Residents of Paris suburb in battle to protect ancient linden trees painted by Corot

David Chazan
·2 min read
The Camille Corot painting "The Gust of Wind" - Getty
The Camille Corot painting "The Gust of Wind" - Getty

Residents of a leafy Paris suburb are fighting a plan to cut down ancient linden trees lining two ponds painted by the 19th century artist Jean-Baptiste-Camille Corot.

A petition to stop the authorities removing the trees as part of work to strengthen the pond embankments and prevent flooding has gathered nearly 3,000 signatures in just a few days.

Corot made the ponds in the western suburb of Ville d’Avray famous in some 300 paintings in the mid-1800s, around the same time that John Constable painted the Hampstead Heath ponds in London.

Now known as the Étangs de Corot (the Corot Ponds), the tranquility of the site attracts thousands of visitors and art lovers each year from across the world.

The campaign to keep the trees, many of which are the same ones depicted in Corot’s paintings, has won the support of Stéphane Bern, a television presenter appointed by President Emmanuel Macron to raise funds to preserve France’s national heritage.

“Of course we have to do something about the risk of flooding from the ponds, but are we really obliged to destroy the landscape?” said the broadcaster, who was awarded an OBE in 2014 for his conservation work, and is nicknamed Mr Heritage. 

He dismissed suggestions that the ponds are a minor issue compared with projects such as the restoration of the Notre-Dame cathedral following the catastrophic fire last year. “I have no reason to defend Notre-Dame more than the Corot ponds. All battles are equal,” he said.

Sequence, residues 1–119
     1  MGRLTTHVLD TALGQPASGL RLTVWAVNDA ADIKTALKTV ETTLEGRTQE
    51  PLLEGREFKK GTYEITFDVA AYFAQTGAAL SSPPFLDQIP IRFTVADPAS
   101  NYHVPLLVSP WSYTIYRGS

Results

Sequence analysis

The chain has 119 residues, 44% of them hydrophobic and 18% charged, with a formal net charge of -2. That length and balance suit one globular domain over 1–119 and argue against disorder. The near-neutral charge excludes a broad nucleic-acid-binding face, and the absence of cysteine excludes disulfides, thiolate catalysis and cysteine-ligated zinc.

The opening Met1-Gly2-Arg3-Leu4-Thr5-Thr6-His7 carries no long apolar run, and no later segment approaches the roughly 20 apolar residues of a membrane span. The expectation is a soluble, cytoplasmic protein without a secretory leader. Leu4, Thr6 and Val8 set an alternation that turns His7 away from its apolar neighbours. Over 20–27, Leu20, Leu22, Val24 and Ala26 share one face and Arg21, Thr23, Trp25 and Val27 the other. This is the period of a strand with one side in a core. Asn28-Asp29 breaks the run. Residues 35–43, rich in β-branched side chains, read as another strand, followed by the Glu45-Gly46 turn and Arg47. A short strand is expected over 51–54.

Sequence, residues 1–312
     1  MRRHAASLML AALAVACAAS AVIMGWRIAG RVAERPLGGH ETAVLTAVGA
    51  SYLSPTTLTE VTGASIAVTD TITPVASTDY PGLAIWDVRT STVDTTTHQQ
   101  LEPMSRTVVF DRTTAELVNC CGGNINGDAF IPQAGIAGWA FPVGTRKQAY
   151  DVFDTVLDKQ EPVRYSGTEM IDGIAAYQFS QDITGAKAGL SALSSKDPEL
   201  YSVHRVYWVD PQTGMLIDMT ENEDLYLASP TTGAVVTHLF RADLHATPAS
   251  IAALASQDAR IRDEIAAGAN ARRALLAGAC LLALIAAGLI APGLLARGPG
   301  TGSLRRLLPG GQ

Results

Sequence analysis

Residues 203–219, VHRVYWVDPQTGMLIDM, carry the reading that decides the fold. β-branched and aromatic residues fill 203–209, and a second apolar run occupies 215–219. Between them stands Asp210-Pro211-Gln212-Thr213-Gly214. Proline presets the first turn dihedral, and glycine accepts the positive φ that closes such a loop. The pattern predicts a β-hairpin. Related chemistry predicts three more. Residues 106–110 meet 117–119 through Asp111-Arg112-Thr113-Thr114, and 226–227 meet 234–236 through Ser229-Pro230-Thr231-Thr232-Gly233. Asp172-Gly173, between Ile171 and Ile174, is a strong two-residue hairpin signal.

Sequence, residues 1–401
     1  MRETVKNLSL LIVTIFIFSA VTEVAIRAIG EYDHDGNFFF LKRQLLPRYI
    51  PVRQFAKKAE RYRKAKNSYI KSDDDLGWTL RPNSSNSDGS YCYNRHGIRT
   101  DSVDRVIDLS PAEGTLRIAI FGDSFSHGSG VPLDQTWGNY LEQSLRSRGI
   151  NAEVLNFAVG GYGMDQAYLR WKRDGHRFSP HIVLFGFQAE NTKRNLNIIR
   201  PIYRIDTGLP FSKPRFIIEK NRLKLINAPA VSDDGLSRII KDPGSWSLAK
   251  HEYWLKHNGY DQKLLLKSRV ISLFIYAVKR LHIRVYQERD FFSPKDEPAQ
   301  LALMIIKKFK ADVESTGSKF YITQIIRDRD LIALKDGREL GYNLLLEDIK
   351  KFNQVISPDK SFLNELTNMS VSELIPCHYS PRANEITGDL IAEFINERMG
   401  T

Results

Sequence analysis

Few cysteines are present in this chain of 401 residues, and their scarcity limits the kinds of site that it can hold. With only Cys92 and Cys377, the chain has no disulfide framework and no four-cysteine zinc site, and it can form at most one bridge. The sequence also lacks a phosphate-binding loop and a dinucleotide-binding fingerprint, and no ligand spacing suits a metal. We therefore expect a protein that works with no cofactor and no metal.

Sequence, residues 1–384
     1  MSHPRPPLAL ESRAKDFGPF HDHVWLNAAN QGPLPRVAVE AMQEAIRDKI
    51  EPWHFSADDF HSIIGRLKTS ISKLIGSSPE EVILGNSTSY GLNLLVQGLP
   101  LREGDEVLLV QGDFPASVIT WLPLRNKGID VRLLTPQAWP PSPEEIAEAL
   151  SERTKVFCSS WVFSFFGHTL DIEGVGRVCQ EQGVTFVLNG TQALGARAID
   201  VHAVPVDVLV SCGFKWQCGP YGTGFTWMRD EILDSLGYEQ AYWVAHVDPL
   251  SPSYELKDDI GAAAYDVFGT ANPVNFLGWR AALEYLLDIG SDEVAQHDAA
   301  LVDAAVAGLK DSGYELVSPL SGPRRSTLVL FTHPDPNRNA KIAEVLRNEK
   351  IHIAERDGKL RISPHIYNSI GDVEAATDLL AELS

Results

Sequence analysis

Hélene Seychal, a Right-wing local councillor, said: “The place will be totally disfigured if the work goes ahead as planned. We aren’t challenging the reason for the work, just the way it’s being done. We want a solution to this problem that preserves the trees.”

The ponds have been listed as a national heritage site since 1936, but the local Préfecture says an embankment between them is in danger of collapsing and flooding nearby homes. Vincent Berton, secretary-general of the Hauts-de-Seine Préfecture, said: “More than 1,000 people are exposed to the risk. This is our responsibility.” 

Arnaud Vuille, administrator of the nearby Saint-Cloud park, considered one of the most beautiful in Europe, said: “The roots of the trees are weakening the embankment and creating problems.” He said as many trees as possible would be conserved, but the authorities had no choice but to chop some down.

Marianne Vidal, 23, who has formed a committee to enlist the support of younger residents of Ville d’Avray, said. “We’ll lose the picturesque and unique quality of this place [if the plan goes ahead].”